Left to right: Christopher Zinski and Jay Williams Schiff Hardin
Left to right: Christopher Zinski and Jay Williams Schiff Hardin ()

Christopher Zinski was a 50-year-old partner at Schiff Hardin when he checked himself into the Northwestern Medicine Central DuPage Hospital in suburban Chicago late one Saturday night in September 2012.

After complaining of a headache, neck pain, disorientation and vomiting, Zinski was told by hospital staffers that he had a dehydration headache. He was given an IV bag and sent home, recalled his wife, Patricia “Pattie” Zinski, a former associate at Sidley Austin.

Two days later, on a Monday afternoon, Zinski collapsed at his desk at Schiff Hardin’s office in the iconic Willis Tower. He had suffered a stroke caused by a brain aneurism.

On Monday, Nov. 21, Judge Thomas Lyons II with the Circuit Court of Cook County, Illinois, approved a $20 million settlement between Central DuPage Hospital and Zinski. The Chicago Tribune reported Monday that the agreement ended a trial that began on Oct. 28.

The civil case filed by the Zinskis in September 2013 claimed that the former Schiff Hardin partner suffered severe brain damage after the hospital failed to properly diagnose him by neglecting to administer at CT scan. (Counsel for the hospital at Denver’s Wheeler Trigg O’Donnell did not return a request for comment.)

“The settlement is bittersweet because there’s no fixing the damage that’s happened to Chris,” Pattie Zinski said in an interview Tuesday.

After his stroke, Zinski spent close to five months in the hospital and nearly two years in rehabilitation therapy. He had to re-learn how to swallow, speak and walk. Even today, he still suffers from constant memory loss. “His day restarts every five minutes,” added Pattie Zinski.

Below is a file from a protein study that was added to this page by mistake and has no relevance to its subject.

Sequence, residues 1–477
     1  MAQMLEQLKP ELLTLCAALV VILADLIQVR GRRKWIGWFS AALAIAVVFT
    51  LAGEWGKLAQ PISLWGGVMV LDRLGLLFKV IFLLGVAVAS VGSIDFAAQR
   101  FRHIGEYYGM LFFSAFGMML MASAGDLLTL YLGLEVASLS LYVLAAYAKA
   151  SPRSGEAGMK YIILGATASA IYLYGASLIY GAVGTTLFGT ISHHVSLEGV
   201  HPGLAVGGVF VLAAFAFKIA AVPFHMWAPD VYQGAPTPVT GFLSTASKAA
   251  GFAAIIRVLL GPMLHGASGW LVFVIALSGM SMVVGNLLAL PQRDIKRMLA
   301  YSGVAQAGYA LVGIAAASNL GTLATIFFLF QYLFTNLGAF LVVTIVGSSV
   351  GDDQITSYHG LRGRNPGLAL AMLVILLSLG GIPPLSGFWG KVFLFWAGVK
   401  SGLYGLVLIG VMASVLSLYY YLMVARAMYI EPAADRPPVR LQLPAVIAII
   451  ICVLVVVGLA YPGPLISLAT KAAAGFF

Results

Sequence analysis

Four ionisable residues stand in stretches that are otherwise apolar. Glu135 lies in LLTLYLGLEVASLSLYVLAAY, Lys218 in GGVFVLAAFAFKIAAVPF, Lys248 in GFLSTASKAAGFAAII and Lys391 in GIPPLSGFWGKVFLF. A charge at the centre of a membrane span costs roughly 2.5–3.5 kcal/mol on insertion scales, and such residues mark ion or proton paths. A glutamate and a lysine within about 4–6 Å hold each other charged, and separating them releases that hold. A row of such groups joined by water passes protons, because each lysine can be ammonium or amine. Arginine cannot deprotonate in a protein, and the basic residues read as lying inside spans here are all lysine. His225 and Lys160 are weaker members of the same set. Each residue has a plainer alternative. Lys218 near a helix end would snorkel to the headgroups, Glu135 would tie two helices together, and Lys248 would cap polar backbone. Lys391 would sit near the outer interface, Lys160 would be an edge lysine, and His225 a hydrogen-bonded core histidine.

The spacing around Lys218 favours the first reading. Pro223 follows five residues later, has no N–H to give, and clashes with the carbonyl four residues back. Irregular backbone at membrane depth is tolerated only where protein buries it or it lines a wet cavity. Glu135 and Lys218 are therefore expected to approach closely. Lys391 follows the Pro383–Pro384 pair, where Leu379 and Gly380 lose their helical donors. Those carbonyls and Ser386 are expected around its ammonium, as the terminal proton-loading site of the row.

Schiff Hardin paid for Pattie Zinski’s hotel room as she waited by her husband’s bedside during his months in the hospital, and the firm provided gift cards to use on food for her children. Shortly after Zinski was discharged from the hospital in 2013, Schiff Hardin worked with Pattie Zinski in lining up legal representation.

The firm eventually teamed up with Burke Wise Morrissey Kaveny, a well-regarded Chicago plaintiffs shop, in filing suit against Central DuPage Hospital and the emergency care personnel that treated Zinski on the Saturday before his stroke. While a medical malpractice case was atypical of what a commercial law firm would normally take on, Schiff Hardin made an exception for Zinski.

“It was [important] for us to handle this for Chris because he was one of us,” said Jay Williams, a litigation partner at Schiff Hardin in Chicago and co-counsel in the malpractice litigation. “We would all like to think that our firm would stand up for us if there was some injustice done, or seek justice on behalf of our colleague friend and partner.”

In 1989, Zinski founded boutique Breyer & Zinski in Washington, D.C., where he represented financial institutions in regulatory matters and transactions. He joined Schiff Hardin in 1993 and went on to chair the firm’s financial institutions group, leaving in 2006 to become general counsel of Chicago-based PrivateBancorp Inc. The corporate and securities expert re-joined Schiff Hardin in late 2009 after three years as legal chief for PrivateBank, which was sold last summer for $3.8 billion to the Canadian Imperial Bank of Commerce.

“Chris was an amazing business developer and networker,” Williams recalled. “He was always looking to network with people, introduce you to other people, make your career better and help you figure out a business plan. And when a matter came in, instead of keeping all the credit for himself, Chris would share that credit.”

The settlement announced Monday will allow the Zinski family some flexibility to explore new and experimental treatments and therapy for Zinski, as well as provide financial security for his four children. Pattie Zinski now works at Synapse House, an Elmhurst, Illinois-based nonprofit organization that works to connect those with brain injuries to the community. She hopes the settlement serves as a cautionary tale to medical professionals.

“My hope, at least, is that it makes the hospital community take notice and change the way they approach a patient that comes in with symptoms like Chris had and hopefully is an impetus to better training,” Pattie Zinski said.

When Zinski’s wife and Jay Williams told him the case was finally over on Monday, Zinski smiled and said simply, “Great.”